Traditional individual retirement accounts (IRAs) can be a good way to save for retirement. If you do not participate in an employer-sponsored retirement plan or would like to supplement that plan, traditional IRAs could work for you.
A traditional IRA is simply a tax-deferred savings account that has several investing options and is set up through an investment institution. For instance, an IRA can include stocks, bonds, mutual funds, cash equivalents, real estate, and other investment vehicles.
One of the benefits of a traditional IRA is the potential for tax-deductible contributions. In 2014, you may be eligible to make a tax-deductible contribution of up to $5,500 ($6,500 if you are 50 or older). Contribution limits are indexed annually for inflation.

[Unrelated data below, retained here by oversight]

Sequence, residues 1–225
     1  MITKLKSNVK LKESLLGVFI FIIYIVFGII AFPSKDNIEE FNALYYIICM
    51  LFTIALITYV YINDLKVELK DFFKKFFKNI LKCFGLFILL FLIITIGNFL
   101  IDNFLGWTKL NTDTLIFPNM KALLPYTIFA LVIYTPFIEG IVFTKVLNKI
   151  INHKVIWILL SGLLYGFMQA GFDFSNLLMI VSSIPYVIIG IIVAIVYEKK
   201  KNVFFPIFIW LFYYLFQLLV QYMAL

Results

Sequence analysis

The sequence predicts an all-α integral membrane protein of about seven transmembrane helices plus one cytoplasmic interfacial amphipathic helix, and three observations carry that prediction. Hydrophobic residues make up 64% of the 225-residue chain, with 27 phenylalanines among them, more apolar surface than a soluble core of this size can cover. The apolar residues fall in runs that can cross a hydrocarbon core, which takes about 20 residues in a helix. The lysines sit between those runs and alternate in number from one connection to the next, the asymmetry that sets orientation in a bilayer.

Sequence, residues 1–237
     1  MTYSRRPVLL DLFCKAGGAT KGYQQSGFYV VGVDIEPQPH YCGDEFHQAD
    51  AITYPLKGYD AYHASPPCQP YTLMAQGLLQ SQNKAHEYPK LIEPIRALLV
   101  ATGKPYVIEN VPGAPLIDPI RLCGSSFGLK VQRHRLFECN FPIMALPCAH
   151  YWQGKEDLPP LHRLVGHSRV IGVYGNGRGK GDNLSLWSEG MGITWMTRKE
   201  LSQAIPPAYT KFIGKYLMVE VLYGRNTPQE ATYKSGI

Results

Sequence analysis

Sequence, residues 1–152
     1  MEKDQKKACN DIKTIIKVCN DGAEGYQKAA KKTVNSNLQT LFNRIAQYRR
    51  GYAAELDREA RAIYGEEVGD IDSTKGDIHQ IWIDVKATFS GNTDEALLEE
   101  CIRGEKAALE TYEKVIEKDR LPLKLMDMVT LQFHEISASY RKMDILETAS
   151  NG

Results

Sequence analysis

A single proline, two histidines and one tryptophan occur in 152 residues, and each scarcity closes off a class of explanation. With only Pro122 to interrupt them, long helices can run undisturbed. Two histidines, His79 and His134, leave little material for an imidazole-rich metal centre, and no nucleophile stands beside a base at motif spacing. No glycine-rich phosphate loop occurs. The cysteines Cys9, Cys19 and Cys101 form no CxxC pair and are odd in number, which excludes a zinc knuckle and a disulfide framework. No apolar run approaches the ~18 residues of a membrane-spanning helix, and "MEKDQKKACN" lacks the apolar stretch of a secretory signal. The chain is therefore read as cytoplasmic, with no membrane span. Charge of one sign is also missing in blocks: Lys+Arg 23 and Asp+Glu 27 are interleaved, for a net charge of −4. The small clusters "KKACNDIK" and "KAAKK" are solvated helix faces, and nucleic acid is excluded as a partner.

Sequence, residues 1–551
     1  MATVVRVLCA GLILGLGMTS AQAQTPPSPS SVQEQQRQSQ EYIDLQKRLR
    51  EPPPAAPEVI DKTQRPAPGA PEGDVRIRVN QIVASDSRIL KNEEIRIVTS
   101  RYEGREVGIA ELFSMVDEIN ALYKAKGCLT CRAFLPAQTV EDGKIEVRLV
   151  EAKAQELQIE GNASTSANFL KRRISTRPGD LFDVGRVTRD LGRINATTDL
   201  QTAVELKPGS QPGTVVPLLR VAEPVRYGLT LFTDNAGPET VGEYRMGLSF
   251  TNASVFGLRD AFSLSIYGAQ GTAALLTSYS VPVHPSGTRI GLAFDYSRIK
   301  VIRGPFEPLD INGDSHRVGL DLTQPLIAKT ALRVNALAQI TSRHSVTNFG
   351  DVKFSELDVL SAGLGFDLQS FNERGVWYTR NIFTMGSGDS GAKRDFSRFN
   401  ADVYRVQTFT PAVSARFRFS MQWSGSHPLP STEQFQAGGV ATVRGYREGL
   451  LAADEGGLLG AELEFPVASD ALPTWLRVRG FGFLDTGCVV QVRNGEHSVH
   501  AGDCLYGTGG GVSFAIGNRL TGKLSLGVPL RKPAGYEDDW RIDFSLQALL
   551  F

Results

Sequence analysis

You can contribute directly to a traditional IRA or you can transfer assets directly from another type of qualified plan, such as a SEP or a SIMPLE IRA. Rollovers may also be made from a qualified employer-sponsored plan, such as a 401(k) or 403(b), after you change jobs or retire.
Not everyone contributing to a traditional IRA is eligible for a tax deduction. If you are an active participant in a qualified workplace retirement plan — such as a 401(k) or a simplified employee pension plan — the traditional IRAs deduction may be reduced or eliminated, based on your income.